The Woodsman, 4/28/17, 4 Stars.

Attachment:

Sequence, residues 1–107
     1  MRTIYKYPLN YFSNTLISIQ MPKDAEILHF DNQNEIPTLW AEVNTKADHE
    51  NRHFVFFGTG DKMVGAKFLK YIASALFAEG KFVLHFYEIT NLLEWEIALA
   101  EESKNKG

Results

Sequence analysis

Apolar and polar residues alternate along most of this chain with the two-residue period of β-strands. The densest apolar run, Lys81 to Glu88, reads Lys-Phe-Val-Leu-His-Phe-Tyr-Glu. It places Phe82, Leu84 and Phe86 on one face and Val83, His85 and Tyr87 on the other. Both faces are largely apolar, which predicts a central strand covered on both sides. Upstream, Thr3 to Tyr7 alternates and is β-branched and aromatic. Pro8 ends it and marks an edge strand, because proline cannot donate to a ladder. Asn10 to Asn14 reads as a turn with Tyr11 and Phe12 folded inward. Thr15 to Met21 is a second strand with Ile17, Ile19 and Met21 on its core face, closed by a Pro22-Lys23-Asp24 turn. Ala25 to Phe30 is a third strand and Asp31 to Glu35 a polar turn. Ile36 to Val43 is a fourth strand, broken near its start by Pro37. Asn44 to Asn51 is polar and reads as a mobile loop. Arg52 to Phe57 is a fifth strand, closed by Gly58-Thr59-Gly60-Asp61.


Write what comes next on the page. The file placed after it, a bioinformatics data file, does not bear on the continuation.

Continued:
Ever hear the story of a pedophile who regretted his actions and tried rebuilding his life? We’ve heard true-life stories of ex-cons trying to reintegrate into society and see it in other media, but I personally have never seen this type of movie. We open with Walter (Kevin Bacon) being paroled after twelve years in prison for raping young girls. The fact he even had those urges in the first place make him immediately unrelatable and no relatability of any other character, even the detective who says what is likely on most of the audience’s mind about Walter. To be clear, this movie does not glorify pedophilia, but depicts Walter trying to overcome the urge, resist temptation at a couple of points in the 87 minute runtime, and generally build a new life for himself. They waste no time showing him get reintegrated into society by showing him get a job at a lumberyard, meeting Vicki (Kyra Sedgwick), who is one of the few women who works there, and forming a consensual adult relationship when they make use of a different type of wood than what they usually use. Throughout, he attends therapy, which I’ll assume is court mandated, and is tempted to recede to his old ways. He also observes another pedophile he nicknames “Candy” (Kevin Rice) offering candy in front of the school he can see from his apartment window. For those wondering how he that was legal, his positioning was the legal minimum distance, which he says in a voice-over is “320 feet.” The story is told coherently, and Walter has a satisfying character arc I won’t detail here, but will say avoids glorifying pedophilia, because if it did, I would rate this movie negative five stars out of positive five stars. That may be because they never actually show him do his thing, with the most erotic scenes being between him and Vicki, both of whom are consenting adults. If they showed him actually do the deed, nobody involved in this would ever work in film again. That aside, everything else advances the “reintegration and moving on” narrative in some form or another. The soundtrack by Nathan Larson conveys the feelings from this, and is notably absent in scenes like Walter’s therapy sessions. Actually, the soundtrack has a notably small presence in this film. That’s fine, just like the utter lack of humor. To me personally, the lack of humor here is better, because there is absolutely nothing funny about child molestation. The other thing they could have toned down was the salty language. Do people actually swear that much? Maybe in more intense situations, but I felt some profanity lost all meaning by the end. Overall, The Woodsman does a seriously good job dealing with a very serious topic, without glorifying the sin of child molestation. We at least understand that Walter regrets what he did, and if you want to see how, watch for yourself.